- the battles with Oracle over the future of Itanium and Oracle support. Itanium was in its wind down phase based on processor development, but Intel/HP weren't ready to admit it to the market at that time.

      - Windows 8 was coming but looked like Vista round 2 for PC/laptop sales. The brief boom with Windows 7/Core2 processors wasn't likely to come again in the near future

      - the server/storage markets were beginning to see serious movement to cloud based systems, decreasing demand

      - legacy storage solutions were seeing significant competition from startups

      - competition around it's legacy software products was increasing, and the newcomers were winning

      - ink continued to pay the bills

      Hurd did very little for HP in my view. He kept on keeping on and the x86 market went through a small boom period, but Hurd did little to prepare HP for the future. Leo tried badly. Meg blamed Leo. And you can see the results.

      I can understand HP's (and Leo's) desire to move to a software focussed model as the legacy hardware models were in serious decline, but that required a well executed plan. Instead they got something scribbled on a beer mat in a pub after a few too many. And then dropped in the urinal before being retrieved by a junior assistant the following day. And even then, I might be being generous...

      1. NeilPost Silver badge

        Re: The more this goes on...

        Hardware in decline... desktop/laptop perhaps and only because of Lenovo saving their market share...

        ... but with the Cloud just on the horizon and billions of DataCentre HW coming soon... kinda the same reason HP moved into networking kit .. but slam dunk strategically beaten by Dell now owning EMC and most of VMWare.

  2. Pascal Monett Silver badge

    I have to say

    Although I do not like anything HP since last millennium and, as CEO Whitman is partly responsible for that, I have to admit that she does appear to keep her cool and stay in control in a courtroom.It may be that she's already had quite enough boardroom struggles to not get fazed by a court lawyer.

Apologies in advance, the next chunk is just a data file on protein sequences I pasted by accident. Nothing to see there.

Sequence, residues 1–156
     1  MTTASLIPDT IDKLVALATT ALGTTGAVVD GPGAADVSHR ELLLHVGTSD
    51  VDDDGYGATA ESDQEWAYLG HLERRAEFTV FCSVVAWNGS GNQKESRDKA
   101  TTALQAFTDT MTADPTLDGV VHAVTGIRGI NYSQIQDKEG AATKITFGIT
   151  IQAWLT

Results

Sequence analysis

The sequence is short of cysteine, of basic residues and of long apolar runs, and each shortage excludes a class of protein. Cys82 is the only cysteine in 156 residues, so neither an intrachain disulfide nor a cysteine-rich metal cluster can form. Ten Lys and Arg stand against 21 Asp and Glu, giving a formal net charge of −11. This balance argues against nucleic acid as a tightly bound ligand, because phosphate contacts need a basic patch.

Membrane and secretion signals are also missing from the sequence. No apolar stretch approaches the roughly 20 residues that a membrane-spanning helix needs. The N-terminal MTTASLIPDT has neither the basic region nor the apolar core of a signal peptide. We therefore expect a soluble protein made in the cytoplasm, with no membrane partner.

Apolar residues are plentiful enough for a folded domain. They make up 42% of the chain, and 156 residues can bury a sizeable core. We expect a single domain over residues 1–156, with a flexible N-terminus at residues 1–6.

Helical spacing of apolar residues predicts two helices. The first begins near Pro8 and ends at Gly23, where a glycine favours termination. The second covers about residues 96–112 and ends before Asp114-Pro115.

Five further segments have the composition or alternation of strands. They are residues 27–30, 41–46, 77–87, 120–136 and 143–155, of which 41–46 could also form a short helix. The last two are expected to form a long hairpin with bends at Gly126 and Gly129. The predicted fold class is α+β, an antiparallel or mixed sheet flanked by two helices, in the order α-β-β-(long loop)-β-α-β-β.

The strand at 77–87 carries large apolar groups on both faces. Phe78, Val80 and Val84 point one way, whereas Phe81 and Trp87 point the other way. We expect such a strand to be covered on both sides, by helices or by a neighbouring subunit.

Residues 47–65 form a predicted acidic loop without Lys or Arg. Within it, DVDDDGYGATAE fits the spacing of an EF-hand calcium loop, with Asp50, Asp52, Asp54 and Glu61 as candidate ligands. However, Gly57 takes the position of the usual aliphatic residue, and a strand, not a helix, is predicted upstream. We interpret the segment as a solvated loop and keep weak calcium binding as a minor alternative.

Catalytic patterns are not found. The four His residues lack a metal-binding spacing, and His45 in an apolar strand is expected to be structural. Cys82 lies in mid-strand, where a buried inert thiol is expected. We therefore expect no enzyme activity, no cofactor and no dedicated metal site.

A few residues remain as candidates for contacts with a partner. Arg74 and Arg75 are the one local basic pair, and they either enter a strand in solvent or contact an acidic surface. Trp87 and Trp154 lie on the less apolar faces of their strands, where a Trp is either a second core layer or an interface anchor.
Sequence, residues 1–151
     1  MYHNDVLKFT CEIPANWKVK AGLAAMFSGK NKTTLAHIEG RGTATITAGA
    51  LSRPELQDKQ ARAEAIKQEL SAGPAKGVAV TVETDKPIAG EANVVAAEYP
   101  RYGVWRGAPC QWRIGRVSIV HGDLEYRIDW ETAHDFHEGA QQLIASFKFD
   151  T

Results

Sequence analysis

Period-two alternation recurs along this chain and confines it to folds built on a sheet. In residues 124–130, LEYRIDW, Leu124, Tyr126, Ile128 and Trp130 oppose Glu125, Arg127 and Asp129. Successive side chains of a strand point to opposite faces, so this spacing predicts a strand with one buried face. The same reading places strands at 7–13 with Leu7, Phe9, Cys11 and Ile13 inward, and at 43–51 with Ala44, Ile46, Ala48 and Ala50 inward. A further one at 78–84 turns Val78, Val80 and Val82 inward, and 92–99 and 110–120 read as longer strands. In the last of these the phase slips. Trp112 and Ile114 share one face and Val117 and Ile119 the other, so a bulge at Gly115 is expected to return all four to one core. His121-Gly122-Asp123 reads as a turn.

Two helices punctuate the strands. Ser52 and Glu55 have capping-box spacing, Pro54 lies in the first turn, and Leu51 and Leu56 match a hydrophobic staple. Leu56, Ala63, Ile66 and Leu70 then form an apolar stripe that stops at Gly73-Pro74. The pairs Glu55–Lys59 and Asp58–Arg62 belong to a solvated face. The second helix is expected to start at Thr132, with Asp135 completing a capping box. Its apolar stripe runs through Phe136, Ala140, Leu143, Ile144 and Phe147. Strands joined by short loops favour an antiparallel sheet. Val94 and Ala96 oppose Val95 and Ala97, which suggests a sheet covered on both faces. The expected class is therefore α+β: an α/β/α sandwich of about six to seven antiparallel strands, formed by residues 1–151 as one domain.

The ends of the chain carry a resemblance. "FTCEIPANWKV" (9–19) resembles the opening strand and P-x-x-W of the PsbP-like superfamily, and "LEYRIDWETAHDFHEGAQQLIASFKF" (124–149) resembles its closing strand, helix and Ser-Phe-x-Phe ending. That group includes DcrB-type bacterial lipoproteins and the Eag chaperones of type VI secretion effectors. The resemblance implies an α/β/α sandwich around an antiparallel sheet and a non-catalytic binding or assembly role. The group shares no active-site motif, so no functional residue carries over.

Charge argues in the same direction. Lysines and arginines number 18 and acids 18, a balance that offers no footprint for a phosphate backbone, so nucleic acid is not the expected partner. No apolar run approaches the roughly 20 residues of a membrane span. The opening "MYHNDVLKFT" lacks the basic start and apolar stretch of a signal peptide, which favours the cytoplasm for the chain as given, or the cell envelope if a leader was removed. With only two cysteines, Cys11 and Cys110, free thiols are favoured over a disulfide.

In any case, as a person, points to her.

  3. Anonymous Coward
    Anonymous Coward

    I am surprised Whitman is getting away with her tactics.

    I have been on a Jury and I have seen a Judge quite bluntly direct the witness to answer the question

    1. I ain't Spartacus Gold badge

      Re: I am surprised Whitman is getting away with her tactics.

      I suspect it's because it's not a jury trial. So those kind of grandstanding tactics from barristers or witnesses don't work so well. The thing of only letting the witness get out one word and interrupting the context is less likely to sway, or impress, a judge. After all, they see it all the time and will have used the technique themsleves. But equally waffling to evade the question shouldn't be all that effective, for the same reason.

  4. Mr Benny

    A more general questrion...

    ... is how do these sociopathic liars manage to get into these positions of power in the first place? Arn't the board supposed to use a bit of intelligence when hiring or do they just grab the first person with a cheesy smile promising them the earth (and larger share options)?

    1. Boris the Cockroach Silver badge

      Re: A more general questrion...

      Because the people hiring ARE sociopathic liars themselves and need identfy that type of person as the person needed to run the company.

      Anyway... pass the popcorn

  5. Anonymous Coward
    Anonymous Coward

    I wish I could get Robert Miles to ask this to Meg Whitman while in the witness box:

    "So Meg if you don't think you should over pay for anything and only pay a fare and reasonable price based on the value of something's worth then why is the price of your printer ink daylight fucking robbery ?"

    1. Fatman
      Thumb Up

      RE: "...why is the price of your printer ink daylight fucking robbery ?"

      I would love to hear that answer.

      1. Michael Wojcik Silver badge

        Re: RE: "...why is the price of your printer ink daylight fucking robbery ?"

        Pfft. She doesn't think anyone should pay more than a fair price. That doesn't mean she's obligated to refrain from offering them the opportunity to get screwed.